Essay / Culture

On the Shoulders of Farmers

Thucydides’ Revelation of Our Indebtedness Thucydides opens his “History of the Peloponnesian War” by tying the capability for a truly great war with the stable growth of a culture. He argues that the Peloponnesian was the greatest war because no cultures, to his knowledge, had

Essay / Education

Redefining Freedom on the Frontier

If Western civilization as we know it were to collapse, I think I will last a week, month, or maybe even a year longer, simply for having read the Little House on the Prairie series by Laura Ingalls Wilder. Pa and Ma are simply amazing. I’ve learned

Essay / Education

Following and Sight: Lewis’ Retelling of “The Bacchae”

“‘Till We Have Faces” is not the only myth Lewis retold. In fact, he loved retelling myths. And while you may have noted the conspicuous presence of Bacchus at the end of Prince Caspian and the amazing feast that follows, you may not have caught some of

Essay / Education

Al Geier at Torrey: Learning in Leisure

One year out of college, I was invited to return to Biola to work for John Mark Reynolds, the founder and then director of the Torrey Honors Institute. One of the unquestionable highlights of the three years which followed have to do with certain memories and experiences

Essay / Education

The Ideal in Pride and Prejudice (Common Room)

Check out this conversation on a Jane Austen novel: it’s a chat among two philosophers and an Old Testament prof, so it gets philosophical and theological (Aristotle and Proverbs are both invoked). But it’s also powerfully good reflection on a book that all three participants

Essay / Education

Dennis Kinlaw and Christ-Like Love

Last week during Holy Week, God called home one of his followers, Dennis Kinlaw (June 26, 1922—Monday, April 10). (Read the announcement here.) During the 1970’s and 80’s, Dr. Kinlaw served as the president of Asbury College,  a Christian liberal arts school with roots in

Essay / Education

How to Read TWO Books (Erasmus Addlepate)

File this under “weird books I have encountered.” Erasmus Addlepate’s 1940 How to Read Two Books: It’s obviously a spoof of Mortimer Adler’s How to Read a Book. You can tell from Addlepate’s supposed other books like How to Get Up int he Morning that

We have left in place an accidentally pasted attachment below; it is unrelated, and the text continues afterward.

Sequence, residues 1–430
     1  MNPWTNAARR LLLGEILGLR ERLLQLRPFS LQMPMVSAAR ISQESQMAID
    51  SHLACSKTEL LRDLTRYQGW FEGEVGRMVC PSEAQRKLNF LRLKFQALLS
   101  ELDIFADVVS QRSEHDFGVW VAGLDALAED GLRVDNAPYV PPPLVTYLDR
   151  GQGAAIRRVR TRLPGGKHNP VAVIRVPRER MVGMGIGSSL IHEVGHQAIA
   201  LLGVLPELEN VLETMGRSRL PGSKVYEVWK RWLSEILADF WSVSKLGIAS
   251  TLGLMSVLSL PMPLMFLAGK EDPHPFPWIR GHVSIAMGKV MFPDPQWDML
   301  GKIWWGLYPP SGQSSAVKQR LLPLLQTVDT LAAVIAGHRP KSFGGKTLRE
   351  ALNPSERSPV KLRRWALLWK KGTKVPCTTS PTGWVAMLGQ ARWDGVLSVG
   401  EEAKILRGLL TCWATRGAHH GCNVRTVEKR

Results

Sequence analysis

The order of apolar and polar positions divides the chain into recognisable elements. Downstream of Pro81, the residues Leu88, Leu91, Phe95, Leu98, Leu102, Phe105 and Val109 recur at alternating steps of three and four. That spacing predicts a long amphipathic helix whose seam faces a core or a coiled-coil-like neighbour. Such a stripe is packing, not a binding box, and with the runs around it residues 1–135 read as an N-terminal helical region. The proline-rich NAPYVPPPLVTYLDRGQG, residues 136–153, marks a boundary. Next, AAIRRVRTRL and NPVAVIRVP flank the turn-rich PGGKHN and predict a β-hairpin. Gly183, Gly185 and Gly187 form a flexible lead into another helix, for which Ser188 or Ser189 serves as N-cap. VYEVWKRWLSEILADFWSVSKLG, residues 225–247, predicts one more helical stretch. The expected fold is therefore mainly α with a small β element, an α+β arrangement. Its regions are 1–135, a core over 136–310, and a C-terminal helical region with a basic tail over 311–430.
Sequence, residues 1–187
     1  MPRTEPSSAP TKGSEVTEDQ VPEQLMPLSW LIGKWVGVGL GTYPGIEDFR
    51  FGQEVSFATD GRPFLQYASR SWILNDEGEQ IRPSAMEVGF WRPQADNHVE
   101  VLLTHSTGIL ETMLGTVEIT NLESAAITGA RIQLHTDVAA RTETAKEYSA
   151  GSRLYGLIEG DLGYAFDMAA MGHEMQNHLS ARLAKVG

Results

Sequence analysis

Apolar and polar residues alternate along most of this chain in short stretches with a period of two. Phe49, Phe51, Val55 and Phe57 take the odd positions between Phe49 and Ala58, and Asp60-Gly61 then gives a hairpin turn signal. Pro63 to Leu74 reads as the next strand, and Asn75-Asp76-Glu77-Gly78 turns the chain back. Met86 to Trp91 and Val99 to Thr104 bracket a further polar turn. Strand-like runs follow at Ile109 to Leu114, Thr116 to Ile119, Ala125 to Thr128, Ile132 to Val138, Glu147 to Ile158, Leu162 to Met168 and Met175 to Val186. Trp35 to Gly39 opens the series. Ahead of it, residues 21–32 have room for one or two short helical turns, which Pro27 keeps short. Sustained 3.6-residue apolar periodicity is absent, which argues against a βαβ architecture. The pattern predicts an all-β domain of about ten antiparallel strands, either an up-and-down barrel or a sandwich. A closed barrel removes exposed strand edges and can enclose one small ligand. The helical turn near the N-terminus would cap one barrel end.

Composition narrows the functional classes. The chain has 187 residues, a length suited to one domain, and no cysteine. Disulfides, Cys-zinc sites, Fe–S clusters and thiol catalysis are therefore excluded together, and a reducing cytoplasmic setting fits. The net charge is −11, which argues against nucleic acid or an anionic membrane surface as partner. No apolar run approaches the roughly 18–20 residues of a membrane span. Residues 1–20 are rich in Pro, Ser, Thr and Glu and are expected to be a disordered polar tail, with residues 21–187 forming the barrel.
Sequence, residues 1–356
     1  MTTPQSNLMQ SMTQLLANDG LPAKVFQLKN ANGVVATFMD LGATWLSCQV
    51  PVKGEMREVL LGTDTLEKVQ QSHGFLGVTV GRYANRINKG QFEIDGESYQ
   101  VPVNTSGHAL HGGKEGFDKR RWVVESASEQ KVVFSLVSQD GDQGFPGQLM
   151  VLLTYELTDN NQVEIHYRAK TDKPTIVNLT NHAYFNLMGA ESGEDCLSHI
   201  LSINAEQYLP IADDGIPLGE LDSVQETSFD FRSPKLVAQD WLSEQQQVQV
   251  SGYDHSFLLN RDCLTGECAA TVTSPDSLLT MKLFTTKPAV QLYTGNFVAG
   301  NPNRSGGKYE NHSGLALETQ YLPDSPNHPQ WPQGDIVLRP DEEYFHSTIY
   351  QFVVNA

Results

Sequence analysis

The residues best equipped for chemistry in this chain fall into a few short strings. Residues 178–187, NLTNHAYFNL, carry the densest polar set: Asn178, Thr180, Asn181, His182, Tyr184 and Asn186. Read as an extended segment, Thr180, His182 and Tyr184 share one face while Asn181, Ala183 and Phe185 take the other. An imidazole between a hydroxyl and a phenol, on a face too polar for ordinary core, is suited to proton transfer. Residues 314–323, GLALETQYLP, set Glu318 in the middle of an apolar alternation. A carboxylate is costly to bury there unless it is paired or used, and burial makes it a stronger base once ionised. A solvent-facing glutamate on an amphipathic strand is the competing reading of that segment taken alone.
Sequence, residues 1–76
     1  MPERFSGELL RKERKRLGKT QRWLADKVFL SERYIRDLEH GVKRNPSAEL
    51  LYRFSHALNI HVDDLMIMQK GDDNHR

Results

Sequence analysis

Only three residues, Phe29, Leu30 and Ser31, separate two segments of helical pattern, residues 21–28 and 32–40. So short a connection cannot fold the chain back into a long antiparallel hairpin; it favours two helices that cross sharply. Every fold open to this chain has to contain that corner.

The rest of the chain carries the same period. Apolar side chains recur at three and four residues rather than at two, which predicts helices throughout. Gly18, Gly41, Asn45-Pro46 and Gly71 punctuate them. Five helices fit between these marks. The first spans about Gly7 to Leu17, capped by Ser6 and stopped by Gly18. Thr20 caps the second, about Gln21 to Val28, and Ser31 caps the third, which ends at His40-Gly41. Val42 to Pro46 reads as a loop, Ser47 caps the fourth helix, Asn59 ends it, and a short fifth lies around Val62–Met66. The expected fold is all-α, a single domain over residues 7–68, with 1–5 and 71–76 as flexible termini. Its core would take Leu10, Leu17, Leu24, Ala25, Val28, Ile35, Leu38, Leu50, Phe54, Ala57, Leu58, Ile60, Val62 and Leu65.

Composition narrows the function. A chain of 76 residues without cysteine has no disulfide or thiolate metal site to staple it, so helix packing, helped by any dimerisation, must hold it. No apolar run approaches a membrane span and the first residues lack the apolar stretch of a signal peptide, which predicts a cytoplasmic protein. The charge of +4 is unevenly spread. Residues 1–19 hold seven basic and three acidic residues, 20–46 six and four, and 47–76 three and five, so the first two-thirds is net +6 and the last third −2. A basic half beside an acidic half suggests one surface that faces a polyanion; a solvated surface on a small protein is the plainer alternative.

Essay / Education

How to Use a Book Instead of Receiving It

In his 1961 book An Experiment in Criticism, C.S. Lewis describes the difference between reading a book to encounter what is in it, and using a book for other reasons. There are lots of other reasons to use a book, some petty and some profound,

Essay / Education

Torrey Cambridge 2017: Great Booklist in a Great Place

Every July, about forty students and three professors from the Torrey Honors Institute take a trip to Cambridge for an intensive four-unit class. It’s Torrey Cambridge, and it’s a blast. The curriculum each summer is anchored in a short book of the New Testament, and

Essay / Culture

The Virtue of Tolerance

A virtue, in order to live up to its lofty title, must contain within itself its own proper resources for opposing the vice unique to it. As Aristotle taught us, virtues rarely travel alone; typically they wander the streets accompanied by distorted versions of themselves;

Essay / Culture

A Charge to Maintain Liberal Arts

A few weeks ago Biola had the delight of installing our new Provost and Senior Vice President, Dr. Deborah Taylor. Part of the installation involved a series of charges from faculty who had been invited to articulate some of the key challenges ahead of Dr.

Essay / Blog

T&T Clark Companion to the Atonement

This week, I submitted the manuscript for the T&T Clark Companion to the Atonement, an edited work with 18 major chapters and 85 shorter essays from scholars around the world, exploring the doctrine of the atonement from a variety of angles. The various essays explore